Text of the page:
The Decreasing Number of Appraisers

According to an article published in MarketWatch written by Amy Hoak, the number of real estate appraisers is falling.  This is not good news for the real estate industry or anyone purchasing a home.

As condemnation lawyers, we rely heavily on real estate appraisers to prove the appropriate amount of just compensation.  According to Ms. Hoak, the ranks of real estate appraisers stand to shrink substantially over the next five years, which will mean longer waits, higher fees and even lower-quality appraisals as more appraisers cross state lines to value properties.

The statistics provided by the Appraisal Institute are not sanguine, there are 78,500 real estate appraisers working in the United States in 2015 which is 20% less than existed in 2007.  In addition, as the number of appraisers is falling, the age of appraisers is increasing with only 13% being 35 or younger.

Fewer appraisers mean longer waits for a real estate closing.  A shortage of appraisers also means appraisals will likely cost more.  Then, as the article points out, “there is a quality issue, too.  In some areas, appraisers come in from other states to value homes.”***”They could miss subtleties in the market.”

In the trial of a condemnation claim, it is absolutely necessary to use the best appraiser available for the case.  We have always carefully selected extremely knowledgeable appraisers to testify at trial.  But that is the key; it is not enough that the appraiser be well qualified and experienced in valuing the subject property.  The appraiser also must be a good expert witness.  Direct testimony is extremely important to convince the trier of the facts of the proper value of the property.  A good appraiser will also be able to formulate a trial plan as to how to establish the highest and best use of the property. As important as the appraiser’s direct testimony is, cross-examination is equally important.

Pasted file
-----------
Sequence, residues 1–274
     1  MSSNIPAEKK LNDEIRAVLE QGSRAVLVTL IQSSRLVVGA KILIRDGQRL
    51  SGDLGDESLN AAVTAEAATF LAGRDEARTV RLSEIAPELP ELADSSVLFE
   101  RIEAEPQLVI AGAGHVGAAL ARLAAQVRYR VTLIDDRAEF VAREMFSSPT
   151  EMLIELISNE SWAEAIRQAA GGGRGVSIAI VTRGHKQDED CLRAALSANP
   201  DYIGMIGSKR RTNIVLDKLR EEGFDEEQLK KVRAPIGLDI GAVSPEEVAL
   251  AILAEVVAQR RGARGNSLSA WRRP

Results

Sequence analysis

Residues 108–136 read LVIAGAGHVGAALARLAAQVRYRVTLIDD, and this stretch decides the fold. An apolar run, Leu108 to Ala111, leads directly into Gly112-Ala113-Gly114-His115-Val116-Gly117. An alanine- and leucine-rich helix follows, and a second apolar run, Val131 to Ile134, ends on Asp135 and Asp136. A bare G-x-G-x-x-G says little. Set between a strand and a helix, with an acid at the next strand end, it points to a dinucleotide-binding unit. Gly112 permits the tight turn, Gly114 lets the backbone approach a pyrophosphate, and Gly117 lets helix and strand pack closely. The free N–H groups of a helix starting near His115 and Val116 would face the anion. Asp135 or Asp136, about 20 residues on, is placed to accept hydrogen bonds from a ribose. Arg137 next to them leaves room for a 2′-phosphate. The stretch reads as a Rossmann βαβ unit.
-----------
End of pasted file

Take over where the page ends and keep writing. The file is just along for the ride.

Cross examination is the test of the expert’s opinion.  Does the appraiser’s opinion withstand the rigors of cross-examination?  Can the comparable sales utilized be defended?  How does the appraiser’s credibility stand after questioning?

In an eminent domain trial, the law is well established that the trial court’s selection of comparable sales will generally not be reviewed on appeal as it is a matter of resting within the court’s sound discretion.  Matter of M.T.A. (Collegiate Church), 86 AD3d 314 (1st Dept 2011).

Therefore it is very important to proceed to trial with the very best appraiser.

The MarketWatch article is available here:

Posted in Appraisers
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